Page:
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What Do You Use To Help Your Body?: Maggie…

What Do You Use To Help Your Body?: Maggie Explores the World of…

by Jewel Kats

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2314459,532 (3.93)4



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This review was written for LibraryThing Early Reviewers.
This book is a great way to talk comfortably with children about people who have disabilities and assistive devices. Although people have mentioned that it is great for preschoolers and really early elementary, I disagree. This book opens doors for older elementary students, too, that may not have had the opportunity to discuss with an adult about how people are different. As a teacher, I see the whole picture of this book and use it every National Disability Week to provide my students with conversations to help them understand all about disabilities and assistive devices. ( )
  sara1022 | Nov 17, 2012 |
What is the best way to help children understand disabilities and the assistive devices that people use to help them with their disabilities? Maggie and her mother are going on a walk, and Maggie asks, “What will I learn about on today’s walk?” Here’s what she finds out. Liz, who sells fresh flowers on the street, is hearing impaired and needs a hearing aid. David, who is a paraplegic, uses a wheelchair. Justin, who teaches a hip-hop dance class, has an artificial leg. Mrs. Ali, who writes poetry, needs a walker. Yan, who paints in the park, can’t speak clearly and has a communication board. Dr. Sharma uses a cane to help him stay balanced. Todd is blind and has a trained guide dog. Katrina, who works as a crossing guard, needs an arm brace to keep the pain away. Maggie herself has an eye problem. What assistive device do you think she uses to strengthen her eyesight?
Parents want their children to be sensitive to people with disabilities. Furthermore, parents of children with disabilities want those children to have hope. Author Jewel Kats, who also wrote Reena’s Bollywood Dream: A Story About Sexual Abuse and Cinderella’s Magical Wheelchair, uses this charming fictional story to teach youngsters that disabilities occur in every culture to people from different backgrounds and that working with a disability is a very real possibility for many people. With the colorful, full-page illustrations by Richa Kinra, kids can satisfy their curiosity about various disability aids and how they work in a non-imposing manor. In addition, the book can be used as a motivational tool for youngsters who have disabilities. At the end, Maggie says, “Now, I can ask grownups about their ‘assistive devices’ all the time.” But when Momma says that not all people are comfortable talking about their disabilities, Maggie decides, “I’ll be respectful like you taught me.” What Do You Use to Help Your Body? is a wonderful resource to introduce preschoolers or young elementary age children to disabilities and accommodations. ( )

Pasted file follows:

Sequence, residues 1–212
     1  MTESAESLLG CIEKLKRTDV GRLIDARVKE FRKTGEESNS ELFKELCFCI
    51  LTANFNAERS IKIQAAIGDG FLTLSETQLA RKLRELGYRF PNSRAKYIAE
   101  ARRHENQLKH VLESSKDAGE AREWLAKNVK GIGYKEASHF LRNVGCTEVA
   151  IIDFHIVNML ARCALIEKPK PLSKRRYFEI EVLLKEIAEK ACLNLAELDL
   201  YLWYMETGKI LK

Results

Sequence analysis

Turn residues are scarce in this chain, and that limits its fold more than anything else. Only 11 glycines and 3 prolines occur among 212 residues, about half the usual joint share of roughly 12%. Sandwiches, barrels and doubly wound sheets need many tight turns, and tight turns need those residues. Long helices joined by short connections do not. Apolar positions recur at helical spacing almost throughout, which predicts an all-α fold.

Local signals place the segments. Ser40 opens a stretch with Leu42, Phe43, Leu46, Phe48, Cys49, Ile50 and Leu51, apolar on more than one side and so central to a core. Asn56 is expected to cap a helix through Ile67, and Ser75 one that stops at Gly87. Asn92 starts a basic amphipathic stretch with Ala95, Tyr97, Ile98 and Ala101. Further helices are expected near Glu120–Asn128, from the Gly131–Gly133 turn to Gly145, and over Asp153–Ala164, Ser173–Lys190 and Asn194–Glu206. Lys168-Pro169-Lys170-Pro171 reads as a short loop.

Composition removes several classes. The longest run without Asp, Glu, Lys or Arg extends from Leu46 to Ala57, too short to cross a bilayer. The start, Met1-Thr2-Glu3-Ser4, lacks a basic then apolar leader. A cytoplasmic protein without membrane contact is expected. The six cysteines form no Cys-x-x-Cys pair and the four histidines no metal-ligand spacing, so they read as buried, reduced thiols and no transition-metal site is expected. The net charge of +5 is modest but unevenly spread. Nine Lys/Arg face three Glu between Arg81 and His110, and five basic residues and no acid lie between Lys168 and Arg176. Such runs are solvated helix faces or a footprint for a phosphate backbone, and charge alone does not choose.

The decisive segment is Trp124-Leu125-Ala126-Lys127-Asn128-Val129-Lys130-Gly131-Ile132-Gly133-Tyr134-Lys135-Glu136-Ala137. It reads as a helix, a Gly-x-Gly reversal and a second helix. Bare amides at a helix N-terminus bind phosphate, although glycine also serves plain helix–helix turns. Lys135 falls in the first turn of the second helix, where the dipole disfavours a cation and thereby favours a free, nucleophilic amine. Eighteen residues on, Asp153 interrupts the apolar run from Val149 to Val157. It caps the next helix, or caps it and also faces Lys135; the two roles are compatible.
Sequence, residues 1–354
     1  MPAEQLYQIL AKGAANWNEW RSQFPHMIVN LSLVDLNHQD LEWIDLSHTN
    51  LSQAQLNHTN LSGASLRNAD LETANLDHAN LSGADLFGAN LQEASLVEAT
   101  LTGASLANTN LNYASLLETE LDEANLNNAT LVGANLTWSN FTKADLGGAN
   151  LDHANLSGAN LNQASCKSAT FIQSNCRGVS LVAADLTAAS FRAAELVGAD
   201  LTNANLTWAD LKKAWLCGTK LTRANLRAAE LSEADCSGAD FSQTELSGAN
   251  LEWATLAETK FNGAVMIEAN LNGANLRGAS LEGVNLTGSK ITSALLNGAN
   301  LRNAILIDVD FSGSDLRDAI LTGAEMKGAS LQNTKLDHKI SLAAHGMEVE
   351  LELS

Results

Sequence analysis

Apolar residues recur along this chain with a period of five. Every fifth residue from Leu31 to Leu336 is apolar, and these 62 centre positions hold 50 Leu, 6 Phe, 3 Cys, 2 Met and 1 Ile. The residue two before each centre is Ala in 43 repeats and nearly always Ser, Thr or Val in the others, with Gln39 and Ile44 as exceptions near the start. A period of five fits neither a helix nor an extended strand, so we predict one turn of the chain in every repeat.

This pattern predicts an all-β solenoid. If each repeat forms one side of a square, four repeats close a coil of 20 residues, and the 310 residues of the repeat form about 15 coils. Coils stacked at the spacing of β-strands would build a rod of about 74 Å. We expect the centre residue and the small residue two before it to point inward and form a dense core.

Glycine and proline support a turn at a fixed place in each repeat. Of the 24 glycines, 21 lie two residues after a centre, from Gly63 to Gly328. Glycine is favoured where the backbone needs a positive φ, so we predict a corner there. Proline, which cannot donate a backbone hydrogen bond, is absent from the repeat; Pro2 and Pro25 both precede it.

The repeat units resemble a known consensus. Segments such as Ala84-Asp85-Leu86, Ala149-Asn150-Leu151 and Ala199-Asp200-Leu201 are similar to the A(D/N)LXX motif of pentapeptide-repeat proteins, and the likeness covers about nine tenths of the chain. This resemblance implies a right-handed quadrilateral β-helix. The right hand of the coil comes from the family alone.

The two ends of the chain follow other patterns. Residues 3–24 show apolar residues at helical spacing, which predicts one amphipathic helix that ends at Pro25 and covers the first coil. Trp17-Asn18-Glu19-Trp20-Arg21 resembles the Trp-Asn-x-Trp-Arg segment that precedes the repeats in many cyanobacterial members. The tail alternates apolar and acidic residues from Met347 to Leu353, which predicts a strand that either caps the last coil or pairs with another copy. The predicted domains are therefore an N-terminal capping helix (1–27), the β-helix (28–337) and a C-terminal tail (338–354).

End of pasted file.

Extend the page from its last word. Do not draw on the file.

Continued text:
Homeschoolbookreview | Dec 9, 2011 |
This review was written for LibraryThing Early Reviewers.
This book is appropriate for preschool and kindergarten children, introducing them to the types of assistive technology used by people with disabilities. It is a pattern book, with simple, repeating language. The illustrations are good at showing a wide variety of people. The practice of setting off the name of the new person with commas on both sides was jarring grammatically and interfered with smooth reading of the book. ( )
  ronincats | Nov 18, 2011 |
This review was written for LibraryThing Early Reviewers.
This is a simplistic book would only hold the attention of a very young child. It is poorly edited, with, punctuation, errors. The subtitle does not appear on the cover of the book so the title is simply, "What Do You Use To Help Your Body?" with no mention of disabilities. It begs the question, "To Help My Body Do What?" The answer could be eat right, get plenty of sleep and exercise. The book reads more like a good first draft rather than a finished product. On the positive side, the author clearly has made an effort to be very inclusive of people from different racial and cultural backgrounds and to address the various assistive devices used by people. ( )
  Nako | Nov 14, 2011 |
This review was written for LibraryThing Early Reviewers.
Simple, straight-forward text helps Maggie learn about many assistive devices that people use in everyday life to help them live life to the fullest. Each device is named and then a short description follows from a person who uses it.

A nice addition to a library's collection, especially when a teacher, caregiver, or day-care provider asks for books on this very subject ( )
  jackiewark | Nov 3, 2011 |
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Loving Healing Press

3 editions of this book were published by Loving Healing Press.

Editions: 1615990828, 1615990836, 1615999698


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